Susan Falvella-Garraty, Irish Echo Online, July 8, 2009
Even as she faces into a battle for her Senate seat next year against Congresswoman Carolyn Maloney, Senator Kirsten Gillibrand is moving away from her onetime opposition stance on immigration reform.
In doing so she has received strong support from the Obama White House and her fellow New York senator, Charles Schumer, both powerful allies, as she girds herself to fight to retain her seat in the now to be contested 2010 Democratic primary.
At the recent Irish American Democrats political action committee fundraiser in Washington, Sen. Gillibrand signaled a sea change in direction on dealing with the millions of illegal immigrants in the U.S.
“I pledge that I will work with you,” said Gillibrand to the crowd of newly elected and re-elected members of the House of Representatives, most of whom back immigration reform proposals that include elements of amnesty for those, including thousands of Irish, currently living in the U.S. illegally.
“I know the importance of immigration reform, we need to work to have it with family re-unification as a priority,” said Gillibrand.
Before the gathering that day, Gillibrand joined Schumer and Senators Edward Kennedy and Robert Menendez in re-introducing the Reuniting Families Act, a measure designed to help families separated over visa issues.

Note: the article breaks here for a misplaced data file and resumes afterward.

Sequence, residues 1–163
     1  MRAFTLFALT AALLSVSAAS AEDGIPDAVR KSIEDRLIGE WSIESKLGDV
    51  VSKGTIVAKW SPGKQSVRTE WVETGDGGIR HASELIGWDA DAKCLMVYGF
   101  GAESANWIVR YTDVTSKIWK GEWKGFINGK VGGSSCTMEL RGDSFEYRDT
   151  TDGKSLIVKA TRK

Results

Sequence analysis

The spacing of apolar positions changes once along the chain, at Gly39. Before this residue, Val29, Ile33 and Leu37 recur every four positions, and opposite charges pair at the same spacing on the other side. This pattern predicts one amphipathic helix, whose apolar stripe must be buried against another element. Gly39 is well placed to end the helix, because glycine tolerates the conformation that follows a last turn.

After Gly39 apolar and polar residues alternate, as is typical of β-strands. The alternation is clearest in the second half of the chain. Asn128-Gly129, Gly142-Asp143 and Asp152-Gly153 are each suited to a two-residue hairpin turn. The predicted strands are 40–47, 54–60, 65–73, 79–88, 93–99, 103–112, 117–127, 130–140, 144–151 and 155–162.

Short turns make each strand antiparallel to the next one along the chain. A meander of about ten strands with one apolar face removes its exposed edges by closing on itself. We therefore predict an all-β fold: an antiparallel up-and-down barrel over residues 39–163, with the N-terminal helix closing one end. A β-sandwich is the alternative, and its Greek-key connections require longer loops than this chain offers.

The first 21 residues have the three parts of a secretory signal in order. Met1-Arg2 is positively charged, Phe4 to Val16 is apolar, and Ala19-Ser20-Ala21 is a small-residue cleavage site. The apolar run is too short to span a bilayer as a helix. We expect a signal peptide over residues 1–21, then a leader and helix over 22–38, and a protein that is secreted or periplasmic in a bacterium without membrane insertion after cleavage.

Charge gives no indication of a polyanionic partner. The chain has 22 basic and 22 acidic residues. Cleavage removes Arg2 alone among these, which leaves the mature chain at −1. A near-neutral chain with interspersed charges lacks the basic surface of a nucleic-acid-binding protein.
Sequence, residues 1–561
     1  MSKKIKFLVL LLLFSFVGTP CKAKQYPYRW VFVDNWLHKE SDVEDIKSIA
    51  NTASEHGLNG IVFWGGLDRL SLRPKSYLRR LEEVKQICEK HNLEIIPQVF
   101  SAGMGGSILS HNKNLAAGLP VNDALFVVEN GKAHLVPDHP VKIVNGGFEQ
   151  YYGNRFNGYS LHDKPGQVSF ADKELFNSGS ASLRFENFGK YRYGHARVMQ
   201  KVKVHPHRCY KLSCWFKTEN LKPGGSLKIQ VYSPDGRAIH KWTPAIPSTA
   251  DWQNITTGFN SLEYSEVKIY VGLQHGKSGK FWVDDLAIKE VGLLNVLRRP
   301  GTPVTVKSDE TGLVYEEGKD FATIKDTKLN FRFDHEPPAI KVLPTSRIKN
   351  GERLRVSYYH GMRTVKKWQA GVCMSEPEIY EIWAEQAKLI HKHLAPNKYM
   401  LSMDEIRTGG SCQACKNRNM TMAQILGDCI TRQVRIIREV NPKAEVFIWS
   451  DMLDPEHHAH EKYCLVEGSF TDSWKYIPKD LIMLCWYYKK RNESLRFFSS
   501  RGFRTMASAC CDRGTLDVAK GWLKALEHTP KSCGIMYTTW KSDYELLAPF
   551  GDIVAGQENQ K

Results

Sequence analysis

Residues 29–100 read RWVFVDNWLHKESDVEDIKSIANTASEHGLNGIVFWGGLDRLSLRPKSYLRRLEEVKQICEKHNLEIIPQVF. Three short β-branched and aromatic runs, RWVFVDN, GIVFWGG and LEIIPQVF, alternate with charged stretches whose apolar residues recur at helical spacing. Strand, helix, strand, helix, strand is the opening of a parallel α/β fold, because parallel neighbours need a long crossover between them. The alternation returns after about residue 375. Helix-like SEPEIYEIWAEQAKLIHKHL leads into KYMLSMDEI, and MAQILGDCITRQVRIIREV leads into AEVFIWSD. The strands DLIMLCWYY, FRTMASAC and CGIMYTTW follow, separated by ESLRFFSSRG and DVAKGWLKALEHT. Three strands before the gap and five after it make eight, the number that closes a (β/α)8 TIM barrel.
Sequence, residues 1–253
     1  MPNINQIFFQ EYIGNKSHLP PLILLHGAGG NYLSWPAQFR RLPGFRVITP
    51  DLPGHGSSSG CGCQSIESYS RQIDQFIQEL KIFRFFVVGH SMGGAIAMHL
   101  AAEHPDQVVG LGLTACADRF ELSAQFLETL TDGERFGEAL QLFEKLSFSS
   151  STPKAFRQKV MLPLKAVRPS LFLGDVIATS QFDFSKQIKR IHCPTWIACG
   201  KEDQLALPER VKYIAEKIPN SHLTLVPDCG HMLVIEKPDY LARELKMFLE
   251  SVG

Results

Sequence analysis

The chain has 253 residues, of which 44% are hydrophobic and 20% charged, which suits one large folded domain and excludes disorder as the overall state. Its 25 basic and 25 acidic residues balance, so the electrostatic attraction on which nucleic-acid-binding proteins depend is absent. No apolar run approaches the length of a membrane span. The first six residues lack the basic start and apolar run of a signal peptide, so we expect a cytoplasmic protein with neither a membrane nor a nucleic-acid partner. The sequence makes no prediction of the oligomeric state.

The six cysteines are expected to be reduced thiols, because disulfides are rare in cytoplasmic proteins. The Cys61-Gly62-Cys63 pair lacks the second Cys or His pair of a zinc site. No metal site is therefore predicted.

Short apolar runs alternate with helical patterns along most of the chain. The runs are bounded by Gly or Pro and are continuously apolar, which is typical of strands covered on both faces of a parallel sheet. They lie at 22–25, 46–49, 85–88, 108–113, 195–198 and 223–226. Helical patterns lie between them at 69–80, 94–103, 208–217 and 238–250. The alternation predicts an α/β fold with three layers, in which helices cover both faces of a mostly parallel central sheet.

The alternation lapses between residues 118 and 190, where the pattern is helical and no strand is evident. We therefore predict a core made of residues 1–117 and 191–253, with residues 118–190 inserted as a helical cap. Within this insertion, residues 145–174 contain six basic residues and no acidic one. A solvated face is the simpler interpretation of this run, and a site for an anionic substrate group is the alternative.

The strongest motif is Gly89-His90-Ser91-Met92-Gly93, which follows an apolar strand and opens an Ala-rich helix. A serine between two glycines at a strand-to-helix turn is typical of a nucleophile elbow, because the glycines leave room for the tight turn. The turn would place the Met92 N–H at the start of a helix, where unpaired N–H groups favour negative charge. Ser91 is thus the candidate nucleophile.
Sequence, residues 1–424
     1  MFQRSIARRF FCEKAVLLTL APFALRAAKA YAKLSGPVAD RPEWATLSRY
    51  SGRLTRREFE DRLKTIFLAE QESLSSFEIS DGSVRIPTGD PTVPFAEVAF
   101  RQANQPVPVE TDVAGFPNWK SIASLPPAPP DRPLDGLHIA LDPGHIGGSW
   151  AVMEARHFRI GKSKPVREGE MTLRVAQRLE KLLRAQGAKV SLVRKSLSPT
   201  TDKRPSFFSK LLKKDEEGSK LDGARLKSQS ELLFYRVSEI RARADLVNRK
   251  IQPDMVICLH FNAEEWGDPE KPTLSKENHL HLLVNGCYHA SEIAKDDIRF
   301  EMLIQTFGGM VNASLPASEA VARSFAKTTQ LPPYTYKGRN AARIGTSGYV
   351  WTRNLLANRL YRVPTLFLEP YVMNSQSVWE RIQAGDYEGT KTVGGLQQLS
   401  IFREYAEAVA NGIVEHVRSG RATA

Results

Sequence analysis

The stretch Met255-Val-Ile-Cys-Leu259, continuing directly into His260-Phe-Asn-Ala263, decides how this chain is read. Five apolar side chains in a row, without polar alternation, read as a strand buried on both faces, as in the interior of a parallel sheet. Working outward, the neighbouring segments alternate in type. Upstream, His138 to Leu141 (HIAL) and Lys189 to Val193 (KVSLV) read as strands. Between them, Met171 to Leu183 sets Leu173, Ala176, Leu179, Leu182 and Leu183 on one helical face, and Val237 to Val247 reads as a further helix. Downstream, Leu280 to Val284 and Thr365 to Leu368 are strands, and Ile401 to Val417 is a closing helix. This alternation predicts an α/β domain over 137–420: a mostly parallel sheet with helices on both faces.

Gillibrand chose not to co-sponsor the same legislation when she represented upstate New York as a House member.
According to a variety of groups advocating rights for immigrants, Gillibrand has previously opposed driver’s licenses for illegal immigrants and has been a proponent of local law enforcement checking on immigration status of those brought into custody. But there now appears to be a big difference between how she represents the entire state of New York and a single House district, the 20th.
In April, Gillibrand co-sponsored the Dream Act legislation that would allow the children of immigrants, no matter what their legal status, to receive in-state tuition rates at college.
By contrast, in 2008, as a member of the House, she voted in favor of the E-Verify bill that would allow verification of a potential employee’s immigration status. The following year, she voted to stage a vote on the same bill when it reached the Senate in March 2009.